Two distinct options exist on how to view this evening's 5-4 Los Angeles Dodger victory over the New York Yankees in the third game of the World Series.

Those here in a Dodger Stadium record crowd of 56,236 have every right to believe that their heroes, particularly their child of burgeoning myth, Fernando Valenzuela, performed nobly in reviving themselves in the best-of-seven set they now trail, two games to one.

Valenzuela spun a valorous, 145-pitch complete game on a night when he had as little stuff and as little control as ever in his 20 years.

Los Angeles was hit by two earthquakes earlier today, a 4.5 and a 5.0 on the Richter Scale. However, on a baseball scale of guts and glory, Valenzuela was a 10 tonight, not only for surviving more trouble than he usually sees in a major league game, but for doing it in his Series debut.

Only once before in his big-league career had Valenzuela allowed nine hits. Never had he given seven walks. Never had he allowed so many ringing extra-base hits to all corners of Dodger Stadium and over its walls: a double and homer each by Rick Cerone and Bob Watson.

In short, Valenzuela never dreamed he'd see the day that 16 Yanks would reach base in the first eight innings, or when he'd have to work out of six innings in which men reached scoring position, only to stay there.

Yes, only the greatest of pitchers can win a Series game at their worst. After the incredible poise and refusal to quit that he showed tonight, the day may well come when Valenzuela will be fairly compared with the man who threw out the first ball tonight -- Sandy Koufax.

"I did not feel the earthquakes today," said Valenzuela after the game. "I thought they were tonight. Things were shaking around me all night."

"This was one of the guttiest performances I've ever seen," said L.A. Manager Tommy Lsorda, who will pitch Bob Welch against New York's Rick Reuschel in Game 4 Saturday at 4:05 p.m. (EST).

"Fernando was like a sharp poker player bluffing his way through a lot of bad hands. To tell the truth, he had almost nothin' until the ninth inning. Then he closed the show, 1-2-3. He's the finest closer I've ever seen."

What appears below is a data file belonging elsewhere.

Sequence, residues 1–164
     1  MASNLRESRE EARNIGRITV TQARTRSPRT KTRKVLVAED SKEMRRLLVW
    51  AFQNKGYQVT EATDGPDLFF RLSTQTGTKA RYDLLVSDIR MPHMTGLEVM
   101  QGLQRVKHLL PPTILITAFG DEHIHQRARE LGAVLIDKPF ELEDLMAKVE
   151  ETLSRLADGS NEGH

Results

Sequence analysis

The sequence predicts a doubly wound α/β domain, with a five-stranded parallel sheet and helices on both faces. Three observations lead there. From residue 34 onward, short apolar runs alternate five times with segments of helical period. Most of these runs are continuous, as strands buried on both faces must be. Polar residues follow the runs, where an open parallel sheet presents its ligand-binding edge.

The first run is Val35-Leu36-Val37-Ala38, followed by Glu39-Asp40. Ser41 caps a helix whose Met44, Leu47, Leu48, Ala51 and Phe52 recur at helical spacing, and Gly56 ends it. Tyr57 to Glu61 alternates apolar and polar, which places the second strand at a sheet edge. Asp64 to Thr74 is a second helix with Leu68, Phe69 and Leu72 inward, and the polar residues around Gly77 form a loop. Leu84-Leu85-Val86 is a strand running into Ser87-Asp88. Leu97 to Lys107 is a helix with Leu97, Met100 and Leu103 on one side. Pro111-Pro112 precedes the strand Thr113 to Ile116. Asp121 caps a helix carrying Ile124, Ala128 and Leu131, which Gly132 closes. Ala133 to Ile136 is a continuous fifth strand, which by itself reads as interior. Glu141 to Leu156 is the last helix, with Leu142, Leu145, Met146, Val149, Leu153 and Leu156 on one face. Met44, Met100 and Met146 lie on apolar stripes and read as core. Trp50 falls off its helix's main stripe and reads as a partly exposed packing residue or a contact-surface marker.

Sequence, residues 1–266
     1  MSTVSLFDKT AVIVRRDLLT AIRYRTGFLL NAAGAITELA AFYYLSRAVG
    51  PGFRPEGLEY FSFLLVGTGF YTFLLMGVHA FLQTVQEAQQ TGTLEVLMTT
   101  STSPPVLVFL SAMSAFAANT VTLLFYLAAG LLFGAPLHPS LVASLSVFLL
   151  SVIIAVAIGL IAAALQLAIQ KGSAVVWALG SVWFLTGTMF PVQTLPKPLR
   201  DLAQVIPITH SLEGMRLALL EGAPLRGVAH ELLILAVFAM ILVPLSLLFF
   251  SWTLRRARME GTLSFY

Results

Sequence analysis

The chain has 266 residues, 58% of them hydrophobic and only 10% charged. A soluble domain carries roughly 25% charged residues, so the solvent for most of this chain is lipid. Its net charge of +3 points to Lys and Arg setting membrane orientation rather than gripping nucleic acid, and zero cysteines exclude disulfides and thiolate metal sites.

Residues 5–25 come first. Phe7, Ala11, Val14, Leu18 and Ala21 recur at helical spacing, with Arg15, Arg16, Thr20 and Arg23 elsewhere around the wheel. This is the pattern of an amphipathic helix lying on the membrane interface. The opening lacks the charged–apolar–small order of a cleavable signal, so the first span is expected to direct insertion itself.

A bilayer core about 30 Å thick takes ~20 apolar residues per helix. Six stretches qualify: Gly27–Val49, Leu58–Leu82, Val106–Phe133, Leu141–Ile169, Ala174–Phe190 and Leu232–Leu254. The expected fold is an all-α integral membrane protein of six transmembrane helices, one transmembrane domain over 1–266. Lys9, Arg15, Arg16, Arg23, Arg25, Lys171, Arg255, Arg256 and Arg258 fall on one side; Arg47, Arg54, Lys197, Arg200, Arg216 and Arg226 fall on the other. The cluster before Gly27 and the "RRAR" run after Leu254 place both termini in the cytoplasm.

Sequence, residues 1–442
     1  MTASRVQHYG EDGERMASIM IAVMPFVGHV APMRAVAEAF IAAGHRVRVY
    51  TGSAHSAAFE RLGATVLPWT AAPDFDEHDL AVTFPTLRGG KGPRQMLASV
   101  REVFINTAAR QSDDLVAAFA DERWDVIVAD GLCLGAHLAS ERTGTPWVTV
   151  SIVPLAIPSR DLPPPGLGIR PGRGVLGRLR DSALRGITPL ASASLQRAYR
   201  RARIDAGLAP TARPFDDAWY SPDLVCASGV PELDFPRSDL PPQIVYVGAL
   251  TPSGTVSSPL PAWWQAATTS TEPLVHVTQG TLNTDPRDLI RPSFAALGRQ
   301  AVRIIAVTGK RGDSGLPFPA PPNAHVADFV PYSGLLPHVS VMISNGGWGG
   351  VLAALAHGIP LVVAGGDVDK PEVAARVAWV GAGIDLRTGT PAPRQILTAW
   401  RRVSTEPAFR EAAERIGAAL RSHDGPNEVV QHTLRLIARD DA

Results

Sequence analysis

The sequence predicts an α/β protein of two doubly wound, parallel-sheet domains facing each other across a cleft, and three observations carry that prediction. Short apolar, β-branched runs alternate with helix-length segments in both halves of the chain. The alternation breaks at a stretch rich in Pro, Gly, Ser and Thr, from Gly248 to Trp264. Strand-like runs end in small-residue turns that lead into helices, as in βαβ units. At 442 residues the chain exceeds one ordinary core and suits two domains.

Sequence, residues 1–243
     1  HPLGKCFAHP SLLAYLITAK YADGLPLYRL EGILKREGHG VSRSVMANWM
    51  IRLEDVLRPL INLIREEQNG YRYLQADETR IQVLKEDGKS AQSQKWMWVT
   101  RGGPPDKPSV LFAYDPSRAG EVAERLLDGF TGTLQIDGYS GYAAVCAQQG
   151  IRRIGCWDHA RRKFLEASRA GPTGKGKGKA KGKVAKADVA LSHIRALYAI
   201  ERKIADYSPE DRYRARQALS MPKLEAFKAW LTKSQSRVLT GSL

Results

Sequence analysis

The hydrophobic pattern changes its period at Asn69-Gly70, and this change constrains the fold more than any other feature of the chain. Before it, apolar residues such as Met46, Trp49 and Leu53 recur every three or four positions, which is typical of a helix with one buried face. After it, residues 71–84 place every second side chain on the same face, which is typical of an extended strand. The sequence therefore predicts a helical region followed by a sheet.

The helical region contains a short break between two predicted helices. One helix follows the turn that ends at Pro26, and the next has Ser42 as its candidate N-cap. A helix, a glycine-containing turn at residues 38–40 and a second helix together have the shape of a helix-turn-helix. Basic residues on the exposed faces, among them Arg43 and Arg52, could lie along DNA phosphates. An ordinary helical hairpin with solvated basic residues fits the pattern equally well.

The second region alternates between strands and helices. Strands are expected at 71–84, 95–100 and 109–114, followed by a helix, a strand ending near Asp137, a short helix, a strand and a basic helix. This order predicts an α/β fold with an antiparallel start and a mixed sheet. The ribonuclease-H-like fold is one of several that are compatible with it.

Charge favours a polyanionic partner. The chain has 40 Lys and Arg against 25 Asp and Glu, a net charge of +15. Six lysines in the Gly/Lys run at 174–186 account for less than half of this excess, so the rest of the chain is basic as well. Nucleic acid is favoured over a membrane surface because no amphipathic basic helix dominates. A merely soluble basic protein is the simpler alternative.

Angelenos cheered loudly Ron Cey's three-run homer in the first inning off loser Dave Righetti, who lasted only two innings. The American League batted only .196 against the left-handed rookie this season; the Dodgers hit him hard as Davey Lopes' double, Bill Russell's bunt hit and Cey's 400-foot, two-out homer gave the home club three runs before Righetti got three outs.

Just as important, Cey made as good a defensive play as he is capable, with two on and none out in the eighth inning, The Penguin saved Valenzuela from his last and most dangerous jam by diving a yard into foul territory to grab Bobby Murcer's line-drive foul bunt, then scrambling to his feet to double Larry Milbourne off first.

The good folks here will also like the RBI double by Pedro Guerrero that tied the game, 4-4, in the fifth when the slumping Dodger partially redeemed his nigthmare postseason by chopping a grounder over third base in a two-on, none-out bunt situation.

Dodger fans probably will even like the humble bases-loaded, none-out, ground-into-double-play by Mike Scioscia that killed a big LA rally but managed to nudge home the winning run in that fifth inning.

All that is to the Dodgers' credit.

But the other half of the truth this balmy evening in the shadow of the San Gabriel Mountains is that the Yankees did not play well. In fact, the Dodgers won because the Yankees stunk out the joint.

Hard-hearted New York folks -- like owner George Steinbrenner -- will no doubt say that, on this night when neither Reggie Jackson nor Graig Nettles played, the Yankees beat themselves with nightmarish base-running in the eighth inning, dubious managing throughout by Bob Lemon, nonexistent clutch hitting and one crucial made-for-Nettles play that Aurelio Rodriguez couldn't make.